9. Simon, you are certainly right that is says that, but we are quickly mixing different contexts together. The drafters of US aviation law had a certain thing in mind when they referred to "civil aircraft". We know from comments made by senior VATSIM officials that point-to-point flights are not considered to fall under VSOA rules. I still really don't get why you are getting so hung up on this issue of speed. The original poster did not say that he had no navigation capability. He simply wants to fly from A-B on a direct route at a particular speed. That the speed is greater than Mach 1 doe
  10. Jim, The regulations you cite (which of course applies only in the USA or USA operators) talks about civil aircraft and refers to noise limits in the title. Clearly the F22 is not a civil aircraft. And surely you don't advocate for everyone learning all of the complex noise restrictions around the world? I would make two points: noise restrictions are definitely not "applicable" and there are a plethora of rules that we don't need or want here. There are plenty of people who say we have too many rules. Do we really want more rules on what we can/can't do in this hobby? Remem
  11. Please reread Kirk's last paragraph and pray tell what impact supersonic speeds have on other users? Other than the manifestation of noise (not applicable to what we are doing) what is so special about Mach 1 to our operations?
  12. This is the case for all of the biggest events in VATSIM, regardless of whether a slot system is in place or not. Some patience and understanding on everyone's part is what makes it a positive experience. Come and do the first leg of Worldflight sometime (if you haven't) and you'll see similar chaos. This is simply the reality of these kinds of events and certainly it's not everyone's cup of tea - but there are plenty of other events that aren't so oversubscribed. The planning team have made provision for non-slot and non-event traffic. Hence I don't think it is against their intention to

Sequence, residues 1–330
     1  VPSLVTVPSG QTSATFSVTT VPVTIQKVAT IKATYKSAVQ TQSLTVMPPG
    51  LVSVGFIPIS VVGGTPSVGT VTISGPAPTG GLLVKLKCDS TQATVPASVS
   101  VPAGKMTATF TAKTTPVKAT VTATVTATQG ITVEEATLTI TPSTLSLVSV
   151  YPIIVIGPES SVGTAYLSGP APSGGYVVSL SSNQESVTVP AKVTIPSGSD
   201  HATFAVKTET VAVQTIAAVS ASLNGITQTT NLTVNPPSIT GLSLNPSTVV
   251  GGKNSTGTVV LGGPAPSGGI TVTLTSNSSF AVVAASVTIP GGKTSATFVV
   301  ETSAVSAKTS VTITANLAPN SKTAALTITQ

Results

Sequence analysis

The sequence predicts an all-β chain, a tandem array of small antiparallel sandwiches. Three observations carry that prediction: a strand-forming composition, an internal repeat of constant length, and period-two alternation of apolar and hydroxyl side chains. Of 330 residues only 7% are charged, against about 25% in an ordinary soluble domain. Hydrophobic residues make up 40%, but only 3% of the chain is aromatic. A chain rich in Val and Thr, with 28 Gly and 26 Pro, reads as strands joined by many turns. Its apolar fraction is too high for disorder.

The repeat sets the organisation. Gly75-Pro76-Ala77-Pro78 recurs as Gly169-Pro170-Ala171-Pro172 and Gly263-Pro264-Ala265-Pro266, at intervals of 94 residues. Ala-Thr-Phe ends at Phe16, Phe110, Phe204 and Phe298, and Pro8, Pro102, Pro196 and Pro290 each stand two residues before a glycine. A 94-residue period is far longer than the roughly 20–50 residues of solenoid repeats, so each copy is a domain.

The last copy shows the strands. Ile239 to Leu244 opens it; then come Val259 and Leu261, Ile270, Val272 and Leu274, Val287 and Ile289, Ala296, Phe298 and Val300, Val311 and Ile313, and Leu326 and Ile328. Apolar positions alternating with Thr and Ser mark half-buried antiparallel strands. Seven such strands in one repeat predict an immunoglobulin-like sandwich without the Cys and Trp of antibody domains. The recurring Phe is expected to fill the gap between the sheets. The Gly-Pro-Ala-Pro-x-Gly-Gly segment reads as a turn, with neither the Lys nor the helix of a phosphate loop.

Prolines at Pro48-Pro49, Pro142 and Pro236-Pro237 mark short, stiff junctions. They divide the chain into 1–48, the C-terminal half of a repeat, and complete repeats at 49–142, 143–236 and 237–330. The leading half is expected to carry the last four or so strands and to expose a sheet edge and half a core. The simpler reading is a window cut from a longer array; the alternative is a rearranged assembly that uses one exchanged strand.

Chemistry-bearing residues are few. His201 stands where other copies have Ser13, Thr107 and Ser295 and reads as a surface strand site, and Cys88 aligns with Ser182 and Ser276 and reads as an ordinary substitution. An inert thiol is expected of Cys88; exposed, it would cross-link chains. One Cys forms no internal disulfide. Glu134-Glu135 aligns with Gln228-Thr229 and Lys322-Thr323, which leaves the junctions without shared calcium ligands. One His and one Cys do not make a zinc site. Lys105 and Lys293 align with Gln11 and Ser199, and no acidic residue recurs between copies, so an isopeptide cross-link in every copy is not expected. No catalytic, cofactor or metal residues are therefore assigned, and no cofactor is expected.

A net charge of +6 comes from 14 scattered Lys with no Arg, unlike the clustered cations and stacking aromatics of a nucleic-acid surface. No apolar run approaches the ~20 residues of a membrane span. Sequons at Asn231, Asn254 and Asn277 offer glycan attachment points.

13. Your flight plan stays with you while you are online. The "2 hours" is the amount of time the flight plan stays in the system while you are offline (e.g. to allow for pre-filing, to allow for connection interruptions, etc.)
  14. Would you contend then, Simon, that those that don't have a slot are barred from participating? Certainly they wouldn't be expecting a smooth experience. But surely our message is not "stay at home and don't bother"...
  15. That's how it is real world. And the actual density of airspace in much much higher than that of Australia, in terms of both volume, and the shear amount of airports. Is it for traffic or is it purely administrative? Australia used to be broken into Perth, Sydney, Brisbane and Melbourne FIRs. This ended in the 90s with all en route, oceanic and some approach control for airspace administered by Australia all managed from two buildings in Melbourne and Brisbane. No one would doubt that air traffic has increased significantly since that time. That being said, sectorisation has not remained